INDIA - Indian local legislators have begun to implement rules regulating the use of plastic packaging in advance of national plastic Waste Management and Handling legislation, which had been due to be implemented before the end of 2015, that will effectively ban all non-compostable or non-biodegradable plastic packaging.
With many of India’s state and municipality legislatures already having regulations on their local statute books, they have now begun to enforce rules – some of which were gazette into law as long ago as 2010, but were never implemented.
- Himachal Pradesh (HP) has completely banned plastic carry bags.
- State of Haryana has banned plastic carry bags in tourist and religious places.
- Union Territory Chandigarh has also banned plastic carry bagsin
- The precincts of Kushalnagar and Somawarpet Town the use of plastic covers and plastic cups has been banned under a notification from Deputy Commissioner, Coorg dated 19 October 2010.
- The Panchayat region, the Deputy Commissioners of Chikkaballapur, Chikkamagalur and Shimoga have banned the usage of plastics covers and plastic cups in and around the Panchayat district limits.
Meanwhile bans on plastic bags have been bouncing in and out of the High Courts in Mumbai and New Delhi for more than eight years, and the National Waste Management and Handling Law still awaits implementation guidelines and regulations.
“All these things happen due to, lack of knowledge about plastic on the part of Law - Makers,” according to Mihir Banerji, vice-president, Indian Plastics Institute, and committee member Indian of the Institute of Packaging, himself a polymer technologist. “These days we regularly see banners reading “Say No To Plastics!!!”
“Of course our littering habits are largely to blame, but industry has done very little so far to counter such misleading propaganda and to generate awareness among common people.
“There have been several fact-finding committees and commissions established by the Central Government of India to deal the issue, but they have yet to find any concrete solution,” noted Banerji.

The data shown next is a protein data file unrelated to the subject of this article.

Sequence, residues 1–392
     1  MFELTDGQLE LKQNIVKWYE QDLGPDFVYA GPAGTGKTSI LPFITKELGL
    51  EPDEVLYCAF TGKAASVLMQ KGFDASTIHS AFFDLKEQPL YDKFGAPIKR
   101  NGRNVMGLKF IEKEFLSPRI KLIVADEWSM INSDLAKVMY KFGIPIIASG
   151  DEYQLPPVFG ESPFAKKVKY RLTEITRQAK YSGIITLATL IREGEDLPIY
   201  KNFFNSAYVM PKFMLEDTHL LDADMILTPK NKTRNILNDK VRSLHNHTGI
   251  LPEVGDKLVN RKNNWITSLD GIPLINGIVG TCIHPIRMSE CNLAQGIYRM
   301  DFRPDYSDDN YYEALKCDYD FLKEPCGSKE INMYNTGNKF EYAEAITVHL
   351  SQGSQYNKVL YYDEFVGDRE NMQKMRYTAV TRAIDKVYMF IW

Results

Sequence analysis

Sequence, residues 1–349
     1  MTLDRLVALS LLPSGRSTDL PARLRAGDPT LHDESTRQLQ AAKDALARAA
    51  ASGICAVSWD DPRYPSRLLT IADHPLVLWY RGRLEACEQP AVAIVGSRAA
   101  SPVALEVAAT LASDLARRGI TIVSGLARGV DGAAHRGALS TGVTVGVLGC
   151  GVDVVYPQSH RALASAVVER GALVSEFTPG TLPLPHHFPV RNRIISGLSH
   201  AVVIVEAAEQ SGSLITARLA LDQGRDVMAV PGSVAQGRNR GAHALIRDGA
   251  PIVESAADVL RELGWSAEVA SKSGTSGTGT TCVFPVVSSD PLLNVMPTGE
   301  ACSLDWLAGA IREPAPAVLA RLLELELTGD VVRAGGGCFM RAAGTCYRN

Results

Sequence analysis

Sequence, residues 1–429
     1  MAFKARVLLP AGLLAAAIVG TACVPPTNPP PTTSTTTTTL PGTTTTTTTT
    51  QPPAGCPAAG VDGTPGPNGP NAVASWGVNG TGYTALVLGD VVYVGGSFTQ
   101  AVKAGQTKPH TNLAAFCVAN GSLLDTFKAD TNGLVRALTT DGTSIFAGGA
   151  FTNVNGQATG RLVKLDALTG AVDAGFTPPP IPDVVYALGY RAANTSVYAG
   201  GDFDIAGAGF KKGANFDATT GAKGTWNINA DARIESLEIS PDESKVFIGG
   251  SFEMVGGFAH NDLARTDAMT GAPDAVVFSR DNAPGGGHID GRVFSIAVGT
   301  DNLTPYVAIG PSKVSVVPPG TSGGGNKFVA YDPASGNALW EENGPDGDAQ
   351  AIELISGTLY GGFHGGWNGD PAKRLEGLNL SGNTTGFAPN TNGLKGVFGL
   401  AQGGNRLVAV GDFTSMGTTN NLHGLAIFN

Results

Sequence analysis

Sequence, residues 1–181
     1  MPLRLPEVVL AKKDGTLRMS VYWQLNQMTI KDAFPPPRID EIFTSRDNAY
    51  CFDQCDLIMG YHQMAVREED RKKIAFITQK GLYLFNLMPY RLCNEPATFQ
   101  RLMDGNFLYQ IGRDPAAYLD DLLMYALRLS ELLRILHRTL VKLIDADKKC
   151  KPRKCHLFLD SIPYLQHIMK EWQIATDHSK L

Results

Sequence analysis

“A Task Force was originally constituted as far back as 1997 to examine the ‘impact of plastic waste and management’. This was then followed in 2002 by a one-man committee – comprised of a retired judge - which examined environmental hazards posed by indiscriminate littering and disposal of plastic waste and forwarded recommendations to Government.”
He continued, “Another Committee was set up in 2007 by the Delhi State Government to assess the ‘environmental hazards’ related to use of plastic bags and also forwarded recommendations.
“In 2010, an ‘Expert Committee’ was appointed by the Ministry of Environment & Forests (MoEF) to evolve a road map for management of ‘waste in the country including plastic waste’. It published its recommendations in 2011.”
More recently in 2015, another committee was formed by MoEF of the Union of India where Mihir Banerji represented the Indian Plastics Institute specifically dealing with the issue of ‘metalized multilayer packages’. According to Banerji, “The draft notification has yet to arrive.
The full interview with Mihir Banerji is now available in the latest issue of Packaging Business Insight Asia.
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